A Life Turned Inside Out

A Life Turned Inside Out

by Pastor Kurt Ebert on March 01, 2024

We find ourselves in the heart of the church season of Lent, a time of reflection and repentance. It is a time that we consider the nature of our being, the nature of our living, and the nature of God’s love for us and His creation.

Martin Luther in his reflections upon the nature of humankind offered this thought, “It is easy…to sense how we seek and love ourselves …, how we are bent in and curved in upon ourselves, if not in what we do, then at least in what we are disposed to do” 1 According to Luther, our sinful nature is one that leaves us “turned in upon ourselves.” It is the natural tendency to allow the unholy Trinity of “ME, MYSELF, AND I” to rule over and above the Holy Trinity of Father, Son, and Holy Spirit.

In his own reflections on the subject, the Apostle Paul urged early Christians to “[do] nothing out of selfish ambition or vain conceit, but in humility consider others better than yourselves. Each of you should look not only to your own interests, but also to the interests of others” (Philippians 2:3-4).

So, how are we doing today in considering others better than ourselves? We live in a hyper “mefocused” society, and too often the lives of those inside the church reflect the lives of those outside the church. We continue to be turned in upon ourselves both individually and congregationally.

We can be more concerned of what is going on inside these walls than what is going on outside these walls in the homes, workplaces, and shared spaces of our congregation and our community. The truth is that when Jesus called us to “take up our cross and follow him,” he desired to change the “shape” of our lives. Rather than a life that is constantly circling back upon itself, Christ desired that we might die to our old sinful nature. He desired that we may be shaped by his cross, so that we may be “turned outward” toward God and our neighbor. As the power of God’s Word speaks into our lives, it cannot help but create a “cruciform” shape to our lives as we look “up” to God for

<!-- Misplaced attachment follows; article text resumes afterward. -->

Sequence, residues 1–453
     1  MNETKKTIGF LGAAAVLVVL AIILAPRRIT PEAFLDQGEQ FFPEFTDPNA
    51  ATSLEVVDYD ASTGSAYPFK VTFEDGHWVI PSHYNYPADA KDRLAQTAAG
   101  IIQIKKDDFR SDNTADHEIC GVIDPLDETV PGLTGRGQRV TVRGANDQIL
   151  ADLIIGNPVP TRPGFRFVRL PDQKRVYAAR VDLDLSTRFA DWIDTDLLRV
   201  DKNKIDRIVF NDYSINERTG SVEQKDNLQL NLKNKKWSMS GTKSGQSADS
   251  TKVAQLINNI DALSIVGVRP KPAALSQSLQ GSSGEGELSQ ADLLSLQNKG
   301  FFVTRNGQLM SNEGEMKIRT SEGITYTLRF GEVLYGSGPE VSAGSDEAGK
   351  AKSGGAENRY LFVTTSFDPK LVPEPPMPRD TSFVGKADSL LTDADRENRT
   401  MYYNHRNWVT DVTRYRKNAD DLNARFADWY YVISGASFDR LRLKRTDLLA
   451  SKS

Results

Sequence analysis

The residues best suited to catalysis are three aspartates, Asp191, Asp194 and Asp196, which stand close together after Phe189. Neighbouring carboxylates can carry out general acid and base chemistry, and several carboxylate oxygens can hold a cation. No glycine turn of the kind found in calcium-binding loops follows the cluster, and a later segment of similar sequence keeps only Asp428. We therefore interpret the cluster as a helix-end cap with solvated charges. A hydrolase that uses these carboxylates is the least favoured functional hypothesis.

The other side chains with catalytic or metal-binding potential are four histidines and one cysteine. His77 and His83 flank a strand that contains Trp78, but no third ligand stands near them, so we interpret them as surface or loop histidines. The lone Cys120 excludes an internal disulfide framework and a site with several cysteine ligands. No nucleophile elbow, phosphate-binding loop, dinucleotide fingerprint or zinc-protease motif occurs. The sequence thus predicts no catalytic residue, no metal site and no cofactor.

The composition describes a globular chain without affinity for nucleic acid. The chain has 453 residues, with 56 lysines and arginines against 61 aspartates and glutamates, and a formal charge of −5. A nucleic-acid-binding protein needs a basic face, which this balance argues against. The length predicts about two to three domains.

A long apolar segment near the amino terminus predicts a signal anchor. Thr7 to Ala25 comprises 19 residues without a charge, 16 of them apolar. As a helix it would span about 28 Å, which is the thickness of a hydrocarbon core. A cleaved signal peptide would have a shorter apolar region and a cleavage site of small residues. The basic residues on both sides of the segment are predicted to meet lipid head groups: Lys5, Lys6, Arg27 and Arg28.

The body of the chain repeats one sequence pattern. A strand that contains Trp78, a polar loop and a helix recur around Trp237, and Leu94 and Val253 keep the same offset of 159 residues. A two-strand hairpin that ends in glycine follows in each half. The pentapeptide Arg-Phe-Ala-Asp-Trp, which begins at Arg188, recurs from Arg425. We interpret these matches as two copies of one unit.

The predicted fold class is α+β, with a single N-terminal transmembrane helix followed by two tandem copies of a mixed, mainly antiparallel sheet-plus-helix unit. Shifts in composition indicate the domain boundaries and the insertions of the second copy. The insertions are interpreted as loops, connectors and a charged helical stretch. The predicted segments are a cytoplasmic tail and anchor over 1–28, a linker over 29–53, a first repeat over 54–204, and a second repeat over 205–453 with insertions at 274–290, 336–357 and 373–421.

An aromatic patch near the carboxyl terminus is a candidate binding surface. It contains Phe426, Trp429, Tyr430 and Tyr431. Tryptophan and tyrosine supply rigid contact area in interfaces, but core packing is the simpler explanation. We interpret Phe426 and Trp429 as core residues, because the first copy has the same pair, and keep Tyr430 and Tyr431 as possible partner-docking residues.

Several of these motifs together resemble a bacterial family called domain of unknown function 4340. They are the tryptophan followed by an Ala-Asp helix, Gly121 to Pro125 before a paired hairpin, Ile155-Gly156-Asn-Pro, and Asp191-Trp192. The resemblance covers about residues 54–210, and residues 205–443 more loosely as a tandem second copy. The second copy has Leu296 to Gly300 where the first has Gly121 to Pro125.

the full forgiveness and freedom that comes by His grace alone but also looks “out” in love to our neighbor (e.g., spouse, children, parents, fellow church members, friends, co-workers).

But where do we receive this transforming power that turns us “inside-out”? Where can we find a power that can set us free from our circle turned in on ourselves? We find it only in the good news of Jesus Christ. Only as the love and grace of our Lord Jesus Christ pours into our lives are we set free from our old sinful ways. See where Paul directs our attention in his encouragement to the Philippians, “Have this mind among yourselves, which is yours in Christ Jesus, who, though he was in the form of God, did not count equality with God a thing to be grasped, but emptied himself, by taking the form of a servant, being born in the likeness of men. And being found in human form, he humbled himself by becoming obedient to the point of death, even death on a cross” (Philippians 2:5-8). Praise God that there was one who was selfless, one who was truly a servant, one who considered others more than Himself. Thank God for the grace and forgiveness that is not just for us, but for all people. Praise God for Him who is the very power of God at work in our lives. We pray each day that our lives be less about us and more about him. For it is only through Him that we have a forgiveness that knows no bounds, a love that doesn’t quit, and a peace that passes all understanding.

May our Heavenly Father be at work in Your life this Lenten season through His mighty and powerful Word. May He continue to turn your life inside-out and upside-down by the lifechanging gift of Jesus Christ.